From the outside, the building appears like a dark, closed block, its roof curving down low on the edges. It is clad in anthracite grey basalt lava on the façades and roof surfaces: thus it is clearly set apart from the adjacent level and seems to emerge from the deep. Large connected interior units assure a maximum of flexibility.
A ten-meter wide outdoor stairway leads to the entrance plateau four meters above the courtyard level. Inside, a hall lit from above divides all of the levels into two differently proportioned groups of rooms. The entrance level is the centre of the building's height. Two main exhibition levels are above it and two below it. Another lower level is used for storage and utilities. On one side of access hall, five 5-meter-high, pillar-free exhibition areas measuring about 700 square meters each are stacked above each other. These areas can be flexibly subdivided. On the other side, there are more intimate rooms measuring 250 square meters each. Here the ceilings are 3.50 meters high. In between, openly positioned in the 35-meter-high hall, are the passenger elevator bank and the freight elevator. The various levels are connected by footbridges. Situated right next to the foyer are the first major exhibition space, the shop and - on the mezzanine to the old building – the café. A separately usable event area is situated below the outside staircase. The administrative offices are in the adjacent old building wing, which can be accessed via the aboveground passageway. The delivery zones and workshop areas can be found in the Oval Wing and are connected to the new building by means of an underground tunnel.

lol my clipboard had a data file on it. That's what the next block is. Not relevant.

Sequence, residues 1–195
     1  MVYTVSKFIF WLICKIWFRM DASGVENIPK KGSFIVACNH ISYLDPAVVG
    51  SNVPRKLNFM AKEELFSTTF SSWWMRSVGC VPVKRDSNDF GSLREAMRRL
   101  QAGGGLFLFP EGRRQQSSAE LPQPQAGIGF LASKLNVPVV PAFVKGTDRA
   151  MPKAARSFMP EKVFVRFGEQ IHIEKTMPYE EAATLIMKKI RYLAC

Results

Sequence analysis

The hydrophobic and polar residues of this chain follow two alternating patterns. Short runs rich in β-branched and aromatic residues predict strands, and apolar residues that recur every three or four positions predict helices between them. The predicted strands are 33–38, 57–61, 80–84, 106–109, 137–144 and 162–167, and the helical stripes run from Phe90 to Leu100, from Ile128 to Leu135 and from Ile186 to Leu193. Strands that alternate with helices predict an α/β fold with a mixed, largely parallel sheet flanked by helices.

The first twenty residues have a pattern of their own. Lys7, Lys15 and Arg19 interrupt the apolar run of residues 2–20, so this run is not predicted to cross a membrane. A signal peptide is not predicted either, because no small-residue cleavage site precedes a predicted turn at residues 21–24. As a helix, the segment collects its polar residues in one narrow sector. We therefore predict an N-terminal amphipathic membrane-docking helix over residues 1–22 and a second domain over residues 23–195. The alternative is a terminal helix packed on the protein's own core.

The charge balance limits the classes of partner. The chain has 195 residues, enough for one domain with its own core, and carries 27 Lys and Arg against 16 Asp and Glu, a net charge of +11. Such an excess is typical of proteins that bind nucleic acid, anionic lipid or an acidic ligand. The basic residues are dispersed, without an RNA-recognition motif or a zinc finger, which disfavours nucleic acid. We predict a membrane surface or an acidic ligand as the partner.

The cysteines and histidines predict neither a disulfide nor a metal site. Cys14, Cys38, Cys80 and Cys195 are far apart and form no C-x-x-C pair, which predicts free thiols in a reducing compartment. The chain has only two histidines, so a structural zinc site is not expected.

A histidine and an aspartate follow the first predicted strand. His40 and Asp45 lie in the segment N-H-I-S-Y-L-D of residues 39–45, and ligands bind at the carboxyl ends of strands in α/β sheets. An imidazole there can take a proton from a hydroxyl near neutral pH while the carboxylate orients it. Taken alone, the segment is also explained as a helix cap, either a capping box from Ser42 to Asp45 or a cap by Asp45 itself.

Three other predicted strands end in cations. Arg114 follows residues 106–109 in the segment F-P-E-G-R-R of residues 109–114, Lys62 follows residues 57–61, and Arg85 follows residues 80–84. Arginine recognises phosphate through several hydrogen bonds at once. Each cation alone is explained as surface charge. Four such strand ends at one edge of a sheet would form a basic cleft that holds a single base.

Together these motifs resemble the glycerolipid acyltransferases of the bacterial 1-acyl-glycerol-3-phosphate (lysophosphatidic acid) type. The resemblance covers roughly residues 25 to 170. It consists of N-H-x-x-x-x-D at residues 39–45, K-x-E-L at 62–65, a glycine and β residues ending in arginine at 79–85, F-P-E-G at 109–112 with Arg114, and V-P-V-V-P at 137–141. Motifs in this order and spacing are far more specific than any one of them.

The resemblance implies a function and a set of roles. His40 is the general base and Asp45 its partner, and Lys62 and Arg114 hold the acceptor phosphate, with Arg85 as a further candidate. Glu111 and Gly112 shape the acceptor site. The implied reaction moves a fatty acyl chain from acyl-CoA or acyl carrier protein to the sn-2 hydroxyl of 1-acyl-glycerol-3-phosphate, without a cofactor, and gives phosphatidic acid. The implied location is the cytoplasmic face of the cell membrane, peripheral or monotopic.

In terms of architectural design, the museum facilities are limited to general reduction. They are equipped with a sophisticated and flexible artificial lighting system which creates optimal presentation conditions. The upper exhibition hall receives natural light through a large opening in the curved ceiling. The other slit-like openings and the panorama window in the uppermost floor give visitors a view to the outside and help provide a sense of orientation.
Materials used were basalt-lava-stone for the façade, roof, walls and floors in the hall, cast iron for the footbridges, stairs and wall paneling in the access core of the entrance hall, glass for railings and barriers and terrazzo for the floors in the exhibition spaces and all other public areas.
The photo ahows the museum with an inverted house attached to it. This was a temporary installation by Austrian artist Erwin Wurm called "House Attack" during an exhibition of his work in 2007.